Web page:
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Alberta could be home to UAV testing centre

July 10, 2012, Foremost, Alta. - A plan to transform a remote southeastern Alberta community into a world centre for testing commercial drone aircraft is getting off the ground.


July 10, 2012
By The Canadian Press

Transport Canada has given the Canadian Centre for Unmanned Vehicle
Systems permission to apply for restricted airspace around Foremost to
fly small planes, helicopters and possibly blimps from an airfield
outside the village.

Bill Werny, a spokesman for the federally licensed non-profit company, believes cordoning off part of the sky for testing
commercial drones would be a first in Canada. The plan is to attract
corporations willing to pay to train operators and safely test-fly
machines that could be as small as a laptop computer or as large as an
ultralight.

"This will ultimately lead to the commercialization of unmanned vehicles in Canada,'' said Werny, a retired Canadian Air Force
colonel.

Unmanned aerial vehicles are increasingly being used by countries around
the world for surveillance patrols and in some cases as weapons.
Missile-firing U.S. Air Force Predator drones have been used to kill
Taliban insurgents in Afghanistan.

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Now the aerospace industry is looking at the commercial market for a
cheap, safe alternative to piloted aircraft for peaceful tasks such as
monitoring oil pipelines, wildfires, crops, insect pest infestations and
ice floes or in police search operations.

The challenge is to find uncongested airspace to safely test commercial drones.

That's one of the selling points of the Foremost facility, which includes a paved air strip, hangar and control buildings.

There is little air traffic in southeastern Alberta, the land is very
flat and the weather is clear more than 300 days a year. Very
few people live in the area, which lessens the chance of a drone injuring someone if there were a crash.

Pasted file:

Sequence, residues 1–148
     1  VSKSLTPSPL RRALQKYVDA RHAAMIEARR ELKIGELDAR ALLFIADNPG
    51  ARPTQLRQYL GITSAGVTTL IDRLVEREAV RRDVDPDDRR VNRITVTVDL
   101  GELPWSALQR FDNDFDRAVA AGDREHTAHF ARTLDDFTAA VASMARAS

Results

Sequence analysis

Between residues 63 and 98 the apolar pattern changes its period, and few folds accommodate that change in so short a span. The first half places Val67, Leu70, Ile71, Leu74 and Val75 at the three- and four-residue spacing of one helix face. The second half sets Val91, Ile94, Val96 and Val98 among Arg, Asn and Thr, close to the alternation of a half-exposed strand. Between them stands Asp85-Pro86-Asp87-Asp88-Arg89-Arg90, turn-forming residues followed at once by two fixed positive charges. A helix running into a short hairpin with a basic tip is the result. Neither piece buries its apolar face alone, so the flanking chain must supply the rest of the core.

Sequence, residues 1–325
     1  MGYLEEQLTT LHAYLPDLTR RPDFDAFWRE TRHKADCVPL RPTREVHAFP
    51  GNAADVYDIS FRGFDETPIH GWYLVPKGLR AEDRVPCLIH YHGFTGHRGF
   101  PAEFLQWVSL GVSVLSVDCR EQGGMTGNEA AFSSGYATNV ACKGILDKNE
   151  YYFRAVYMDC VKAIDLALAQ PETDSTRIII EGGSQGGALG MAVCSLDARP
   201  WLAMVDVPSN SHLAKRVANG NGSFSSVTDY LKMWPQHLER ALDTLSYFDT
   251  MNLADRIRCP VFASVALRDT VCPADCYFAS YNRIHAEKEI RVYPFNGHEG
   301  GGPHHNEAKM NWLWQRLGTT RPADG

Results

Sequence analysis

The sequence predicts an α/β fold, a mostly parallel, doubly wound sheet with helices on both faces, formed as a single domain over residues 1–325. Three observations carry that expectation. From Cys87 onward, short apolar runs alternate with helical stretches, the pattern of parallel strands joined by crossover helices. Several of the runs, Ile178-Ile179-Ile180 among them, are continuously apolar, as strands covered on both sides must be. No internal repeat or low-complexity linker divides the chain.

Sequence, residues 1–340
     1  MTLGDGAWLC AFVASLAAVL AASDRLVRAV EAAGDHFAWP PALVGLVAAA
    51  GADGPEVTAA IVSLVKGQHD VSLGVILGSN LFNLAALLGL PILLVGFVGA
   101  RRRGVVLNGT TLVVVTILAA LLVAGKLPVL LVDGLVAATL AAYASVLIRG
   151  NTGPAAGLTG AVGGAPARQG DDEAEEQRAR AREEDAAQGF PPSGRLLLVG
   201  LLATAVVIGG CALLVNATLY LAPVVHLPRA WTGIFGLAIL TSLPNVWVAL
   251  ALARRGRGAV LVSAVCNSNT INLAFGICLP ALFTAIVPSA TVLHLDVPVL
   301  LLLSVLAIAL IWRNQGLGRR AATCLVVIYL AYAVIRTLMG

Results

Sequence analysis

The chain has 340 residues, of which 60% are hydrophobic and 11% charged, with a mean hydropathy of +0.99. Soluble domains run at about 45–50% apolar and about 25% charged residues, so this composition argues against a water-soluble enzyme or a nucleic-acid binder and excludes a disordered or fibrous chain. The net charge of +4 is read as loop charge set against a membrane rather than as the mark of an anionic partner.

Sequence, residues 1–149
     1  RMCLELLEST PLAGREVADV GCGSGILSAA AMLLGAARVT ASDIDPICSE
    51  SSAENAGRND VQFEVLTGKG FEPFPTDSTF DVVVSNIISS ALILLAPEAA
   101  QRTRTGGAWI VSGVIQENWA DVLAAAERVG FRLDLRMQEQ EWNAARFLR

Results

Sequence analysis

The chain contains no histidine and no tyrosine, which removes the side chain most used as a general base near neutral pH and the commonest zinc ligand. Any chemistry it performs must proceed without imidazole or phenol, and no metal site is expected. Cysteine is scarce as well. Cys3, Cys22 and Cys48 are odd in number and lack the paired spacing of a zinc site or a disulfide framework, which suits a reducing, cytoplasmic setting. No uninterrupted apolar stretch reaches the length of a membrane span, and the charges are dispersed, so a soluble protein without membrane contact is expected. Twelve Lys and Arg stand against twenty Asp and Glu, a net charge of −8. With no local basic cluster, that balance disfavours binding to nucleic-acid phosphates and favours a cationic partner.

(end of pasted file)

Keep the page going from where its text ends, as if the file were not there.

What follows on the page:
The centre would act as host to corporations that contracted to use the facility under the eye of federal regulators.

"We are the catalyst behind it, but Transport Canada is going to be controlling how we conduct business,'' Werny said.

The centre is also working with Transport Canada and Nav Canada on what area the restricted airspace would cover, he said.
Operators want an area big enough for flights that go beyond the line of sight of an operator remotely flying a drone.

The centre expects Transport Canada approval by the fall. Commercial operations could begin by next year.

Alberta hopes a testing facility would bolster and diversify the economy of the region, which largely relies on agriculture.

Brad Ferguson, executive director of the Rural Alberta Development Fund, suggested that over time the project could attract
a cluster of high-tech supporting industries to the area.

"It could create great high-tech jobs in rural Alberta,'' Ferguson said.
"This is a great example where our geography is an asset.''

The Alberta fund contributed a one-time $3-million grant a few years ago
to help the fledgling operation get started. The federal
government contributed $1 million that allowed the centre to purchase a catapult device to launch drones.

Like busy pilots in a cockpit, Werny and his colleagues must multi-task
if the Foremost testing and training facility is to really fly. That
means marketing the facility to get corporations to sign contracts.

The plan is to use the restricted civilian airspace zone as a selling point this November at the Unmanned Systems Canada
convention in Ottawa, where corporations from around the world will be gathering to talk drones.

The theme of the convention is how companies involved in military
unmanned aircraft can make the transition to civil and commercial
markets.

Werny said officials will also be attending industry conventions in Las Vegas and Halifax to promote Foremost.

"We need industry to embrace this. They have to a degree, but it is
expressions of intent. That doesn't mean commitment. Now we need
industry to commit.''